The way Ervin Santana retained his humor while searching for the right stuff to come back after elbow issues made for some long nights.
The big, good-natured manner of Matt Palmer, who came out of nowhere to deliver much-needed innings and wins and went so respectfully to the bullpen, embracing any role handed him. Nobody appreciates wearing a big-league uniform more than this guy.
The willingness of Robb Quinlan, Reggie Willits, Brandon Wood and Bobby Wilson to do whatever is needed to bring their team closer to a win. Even if it’s not something that will show up in a boxscore.
Shane Loux, Dustin Moseley, Kelvim Escobar and Justin Speier, who did their part until they parted, and and all the young pitchers who helped stitch this crazy-quilt pitching staff together over the long haul.
The inner strength of Mike Scioscia, who navigated the most turbulent of waters this season with remarkable calm. Manager of the Year, no doubt. Manager of the Decade? Absolutely.
The dedication of coaches Hatcher, Ron Roenicke, Mike Butcher, Alfredo Griffin, Ebel, Orlando Mercado and Steve Soliz. Wise is the manager who surrounds himself with strong, independent thinkers willing to put in long hours for the greater good.
The way everyone mourned respectfully and continually honored the memory of Nick Adenhart, one of the best and brightest, gone much, much too soon.
Scott Kazmir was throwing the longest pre-game toss I’ve ever seen a few minutes ago, from the warning track in left center at Fenway Park all the way across the outfield to a spot about 40 feet from the right-field foul line.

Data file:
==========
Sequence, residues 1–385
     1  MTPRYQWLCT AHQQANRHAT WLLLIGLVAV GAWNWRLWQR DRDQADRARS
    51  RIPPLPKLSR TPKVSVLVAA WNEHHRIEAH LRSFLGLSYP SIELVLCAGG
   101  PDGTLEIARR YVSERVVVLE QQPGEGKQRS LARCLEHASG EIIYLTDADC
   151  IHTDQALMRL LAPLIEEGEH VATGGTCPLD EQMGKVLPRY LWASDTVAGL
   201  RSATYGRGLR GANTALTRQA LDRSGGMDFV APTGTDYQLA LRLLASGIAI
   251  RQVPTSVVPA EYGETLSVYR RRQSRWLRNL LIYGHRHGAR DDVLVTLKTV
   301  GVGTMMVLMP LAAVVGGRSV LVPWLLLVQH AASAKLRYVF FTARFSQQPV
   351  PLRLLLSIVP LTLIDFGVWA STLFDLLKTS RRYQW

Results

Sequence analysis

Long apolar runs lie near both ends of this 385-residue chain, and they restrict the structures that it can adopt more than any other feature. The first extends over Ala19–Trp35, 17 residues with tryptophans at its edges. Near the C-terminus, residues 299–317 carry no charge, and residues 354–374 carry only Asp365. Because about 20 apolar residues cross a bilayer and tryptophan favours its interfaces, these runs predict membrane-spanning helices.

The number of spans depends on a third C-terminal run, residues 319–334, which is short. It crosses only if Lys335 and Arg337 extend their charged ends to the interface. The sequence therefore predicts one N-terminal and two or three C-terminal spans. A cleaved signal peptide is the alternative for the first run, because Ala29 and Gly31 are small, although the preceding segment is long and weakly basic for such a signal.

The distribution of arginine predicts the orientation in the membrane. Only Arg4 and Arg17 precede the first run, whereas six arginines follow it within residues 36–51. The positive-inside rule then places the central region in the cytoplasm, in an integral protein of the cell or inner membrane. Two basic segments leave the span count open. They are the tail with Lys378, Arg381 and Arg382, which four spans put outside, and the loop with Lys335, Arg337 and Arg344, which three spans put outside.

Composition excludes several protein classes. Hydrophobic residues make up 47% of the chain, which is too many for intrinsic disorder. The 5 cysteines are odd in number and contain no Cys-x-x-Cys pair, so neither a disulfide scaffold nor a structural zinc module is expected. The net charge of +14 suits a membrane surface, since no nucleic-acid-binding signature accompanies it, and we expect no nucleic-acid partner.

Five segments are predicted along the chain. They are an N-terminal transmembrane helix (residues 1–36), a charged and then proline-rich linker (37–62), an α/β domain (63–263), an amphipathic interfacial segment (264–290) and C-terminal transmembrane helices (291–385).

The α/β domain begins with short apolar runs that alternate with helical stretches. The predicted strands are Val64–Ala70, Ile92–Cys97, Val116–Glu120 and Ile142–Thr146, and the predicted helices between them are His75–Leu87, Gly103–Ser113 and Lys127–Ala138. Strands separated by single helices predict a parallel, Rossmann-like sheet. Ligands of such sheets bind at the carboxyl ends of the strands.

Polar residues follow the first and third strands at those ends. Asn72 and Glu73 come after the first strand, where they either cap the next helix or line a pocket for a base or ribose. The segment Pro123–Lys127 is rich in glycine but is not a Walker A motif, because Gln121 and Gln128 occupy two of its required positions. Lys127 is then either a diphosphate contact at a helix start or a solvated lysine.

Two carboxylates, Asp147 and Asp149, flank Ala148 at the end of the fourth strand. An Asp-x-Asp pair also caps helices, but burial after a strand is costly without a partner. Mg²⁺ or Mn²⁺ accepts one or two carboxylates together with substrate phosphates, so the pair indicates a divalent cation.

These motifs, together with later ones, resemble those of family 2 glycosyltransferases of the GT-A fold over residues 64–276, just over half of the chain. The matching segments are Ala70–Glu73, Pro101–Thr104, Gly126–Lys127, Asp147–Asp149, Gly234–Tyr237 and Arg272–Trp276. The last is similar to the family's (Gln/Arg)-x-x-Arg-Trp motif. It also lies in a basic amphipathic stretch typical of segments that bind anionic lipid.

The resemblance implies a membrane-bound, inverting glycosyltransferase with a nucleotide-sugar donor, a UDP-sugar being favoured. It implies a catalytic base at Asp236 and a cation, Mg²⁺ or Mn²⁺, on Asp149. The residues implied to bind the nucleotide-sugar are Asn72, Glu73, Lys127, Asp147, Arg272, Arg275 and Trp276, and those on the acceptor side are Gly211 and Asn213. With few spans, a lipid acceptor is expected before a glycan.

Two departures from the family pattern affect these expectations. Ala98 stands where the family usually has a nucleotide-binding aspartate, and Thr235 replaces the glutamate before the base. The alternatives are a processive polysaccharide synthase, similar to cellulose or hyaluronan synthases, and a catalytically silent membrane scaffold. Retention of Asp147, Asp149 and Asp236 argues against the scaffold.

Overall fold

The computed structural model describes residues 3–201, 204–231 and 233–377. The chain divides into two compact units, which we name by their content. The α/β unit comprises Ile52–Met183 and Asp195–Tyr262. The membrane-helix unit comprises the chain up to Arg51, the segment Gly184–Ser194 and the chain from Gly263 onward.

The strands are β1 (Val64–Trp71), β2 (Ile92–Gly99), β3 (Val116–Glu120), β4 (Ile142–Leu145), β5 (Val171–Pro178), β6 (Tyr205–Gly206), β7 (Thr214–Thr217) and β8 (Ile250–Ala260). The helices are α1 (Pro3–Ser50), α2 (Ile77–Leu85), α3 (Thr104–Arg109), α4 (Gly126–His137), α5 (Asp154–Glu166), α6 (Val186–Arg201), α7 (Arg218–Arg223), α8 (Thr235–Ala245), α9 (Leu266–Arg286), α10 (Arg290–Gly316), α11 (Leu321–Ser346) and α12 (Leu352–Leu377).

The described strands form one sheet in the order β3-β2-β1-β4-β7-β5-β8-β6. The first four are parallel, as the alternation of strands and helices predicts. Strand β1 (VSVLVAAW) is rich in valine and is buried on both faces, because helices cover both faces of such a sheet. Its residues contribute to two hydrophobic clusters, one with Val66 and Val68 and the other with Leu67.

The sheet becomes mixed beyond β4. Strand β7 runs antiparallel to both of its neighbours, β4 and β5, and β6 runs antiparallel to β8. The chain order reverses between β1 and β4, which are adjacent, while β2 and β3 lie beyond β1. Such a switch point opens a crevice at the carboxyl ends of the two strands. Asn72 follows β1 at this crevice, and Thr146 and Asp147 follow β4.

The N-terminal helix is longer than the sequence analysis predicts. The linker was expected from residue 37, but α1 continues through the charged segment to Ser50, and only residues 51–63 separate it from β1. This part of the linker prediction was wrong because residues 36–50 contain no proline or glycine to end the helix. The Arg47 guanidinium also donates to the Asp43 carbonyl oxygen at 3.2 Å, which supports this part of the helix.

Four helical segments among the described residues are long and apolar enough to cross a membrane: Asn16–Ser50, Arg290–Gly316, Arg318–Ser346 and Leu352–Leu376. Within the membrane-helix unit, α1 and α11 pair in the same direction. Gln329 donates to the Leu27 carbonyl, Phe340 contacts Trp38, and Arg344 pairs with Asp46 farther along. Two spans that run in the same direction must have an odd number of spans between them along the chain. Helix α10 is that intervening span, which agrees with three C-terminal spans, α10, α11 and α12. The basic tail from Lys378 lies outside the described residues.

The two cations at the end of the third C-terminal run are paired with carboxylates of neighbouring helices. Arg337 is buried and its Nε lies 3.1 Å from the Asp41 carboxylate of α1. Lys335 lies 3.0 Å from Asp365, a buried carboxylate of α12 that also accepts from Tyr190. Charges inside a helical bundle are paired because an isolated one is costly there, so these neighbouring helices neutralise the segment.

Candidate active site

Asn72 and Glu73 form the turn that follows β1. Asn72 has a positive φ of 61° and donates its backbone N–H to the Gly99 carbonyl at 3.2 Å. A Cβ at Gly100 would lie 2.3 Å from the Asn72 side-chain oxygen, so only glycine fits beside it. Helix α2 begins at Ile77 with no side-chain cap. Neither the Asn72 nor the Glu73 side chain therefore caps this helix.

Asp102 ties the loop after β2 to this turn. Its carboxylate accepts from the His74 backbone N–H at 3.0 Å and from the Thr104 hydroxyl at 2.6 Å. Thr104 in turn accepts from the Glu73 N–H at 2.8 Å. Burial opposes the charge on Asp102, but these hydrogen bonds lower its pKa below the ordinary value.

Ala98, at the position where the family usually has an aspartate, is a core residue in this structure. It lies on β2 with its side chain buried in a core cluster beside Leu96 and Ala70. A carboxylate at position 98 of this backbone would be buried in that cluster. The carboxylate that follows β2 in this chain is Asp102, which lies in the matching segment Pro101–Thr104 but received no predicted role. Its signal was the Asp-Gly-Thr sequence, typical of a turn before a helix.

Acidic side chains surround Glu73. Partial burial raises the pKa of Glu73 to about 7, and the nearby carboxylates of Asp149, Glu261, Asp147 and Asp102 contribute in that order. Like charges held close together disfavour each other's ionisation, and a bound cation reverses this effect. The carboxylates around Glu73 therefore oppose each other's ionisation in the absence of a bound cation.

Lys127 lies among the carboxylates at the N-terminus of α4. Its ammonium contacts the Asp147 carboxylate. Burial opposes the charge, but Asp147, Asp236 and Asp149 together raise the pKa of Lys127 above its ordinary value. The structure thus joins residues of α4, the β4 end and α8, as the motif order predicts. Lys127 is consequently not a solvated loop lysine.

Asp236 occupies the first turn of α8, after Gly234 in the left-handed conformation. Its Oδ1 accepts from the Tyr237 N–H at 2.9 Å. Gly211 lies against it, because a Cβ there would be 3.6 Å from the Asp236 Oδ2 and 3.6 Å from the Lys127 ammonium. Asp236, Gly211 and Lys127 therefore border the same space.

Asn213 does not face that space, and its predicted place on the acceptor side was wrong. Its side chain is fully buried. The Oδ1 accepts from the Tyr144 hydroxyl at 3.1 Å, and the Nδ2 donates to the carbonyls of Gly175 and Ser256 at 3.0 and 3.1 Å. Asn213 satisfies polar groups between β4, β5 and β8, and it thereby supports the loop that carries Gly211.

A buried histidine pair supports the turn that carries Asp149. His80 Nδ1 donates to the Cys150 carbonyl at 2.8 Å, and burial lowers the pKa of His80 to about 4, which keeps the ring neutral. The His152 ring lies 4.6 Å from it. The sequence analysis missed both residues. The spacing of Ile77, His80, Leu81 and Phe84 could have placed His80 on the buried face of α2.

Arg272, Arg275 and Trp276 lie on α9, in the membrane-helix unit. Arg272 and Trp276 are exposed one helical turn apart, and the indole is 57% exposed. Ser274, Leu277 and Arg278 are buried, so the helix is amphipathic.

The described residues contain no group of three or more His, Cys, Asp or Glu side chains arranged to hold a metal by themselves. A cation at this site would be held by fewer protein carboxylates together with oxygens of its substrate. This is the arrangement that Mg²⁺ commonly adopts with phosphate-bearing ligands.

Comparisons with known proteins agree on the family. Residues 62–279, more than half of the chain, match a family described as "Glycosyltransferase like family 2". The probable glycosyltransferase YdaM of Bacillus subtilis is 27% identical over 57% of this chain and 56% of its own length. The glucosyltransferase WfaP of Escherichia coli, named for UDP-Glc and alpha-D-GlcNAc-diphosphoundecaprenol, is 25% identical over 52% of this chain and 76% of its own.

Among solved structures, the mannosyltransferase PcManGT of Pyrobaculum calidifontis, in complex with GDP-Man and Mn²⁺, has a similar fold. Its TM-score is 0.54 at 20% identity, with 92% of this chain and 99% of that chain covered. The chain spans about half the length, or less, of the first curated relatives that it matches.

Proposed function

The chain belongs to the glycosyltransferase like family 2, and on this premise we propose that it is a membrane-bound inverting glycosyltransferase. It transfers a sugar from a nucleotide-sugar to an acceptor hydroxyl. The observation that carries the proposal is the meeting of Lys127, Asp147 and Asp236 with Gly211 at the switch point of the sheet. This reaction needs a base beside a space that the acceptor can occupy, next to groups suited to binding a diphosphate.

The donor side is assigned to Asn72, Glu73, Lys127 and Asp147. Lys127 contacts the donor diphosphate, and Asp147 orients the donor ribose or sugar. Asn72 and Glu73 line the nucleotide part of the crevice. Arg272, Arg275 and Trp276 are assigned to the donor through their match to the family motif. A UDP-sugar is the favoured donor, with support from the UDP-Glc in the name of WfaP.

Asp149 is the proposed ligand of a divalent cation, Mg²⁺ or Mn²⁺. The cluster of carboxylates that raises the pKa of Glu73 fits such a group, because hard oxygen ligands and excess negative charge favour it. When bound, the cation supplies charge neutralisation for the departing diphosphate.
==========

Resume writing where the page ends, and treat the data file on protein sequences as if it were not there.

Finishing his long toss, Kazmir threw some flat-ground deliveries and headed for the bullpen, casually tossing a ball into the crowd on his way.
The Angels’ southpaw looked like a kid in the park, having a good time, which is how I would expect him to be. He loves this type of challenge, pitching on the big stage. If the Red Sox beat him in Game 3 of the American League Division Series, it won’t have anything to do with Kazmir being intimidated by the crowd or the moment.
He’s a pure-bred athlete, a former high school QB in Houston who simply loves to compete.
Among the many things I’ve grown to like about Kazmir is that he reminds me so much of Nick Adenhart. I was thinking about this on the long flight from LA to Boston. Those quiet moments alone are when I generally start thinking about Adenhart and the tragedy. I knew him and cared deeply about him, and it still hurts every day.
Kazmir didn’t get to know Adenhart, which is a shame, because I’m sure they’d have become fast friends. On the other hand, it’s possible Kazmir wouldn’t be here if a drunken driver hadn’t killed Adenhart, Courtney Stewart and Henry Pearson in the early hours of April 9.
It is entirely possible Adenhart, if not for that act of criminal insanity, would have been pitching Game 3 of this series.
Having uncovered some missing ingredients in his delivery, and recovering his confidence, which had sagged in 2008, Nick was just getting started in what would have been a breakout season when his life ended so prematurely at 22.
That’s not just my opinion, that Adenhart had stardom in his future. Those who knew him best – teammates and especially catchers – are convinced he’d have had a big year, and then many more.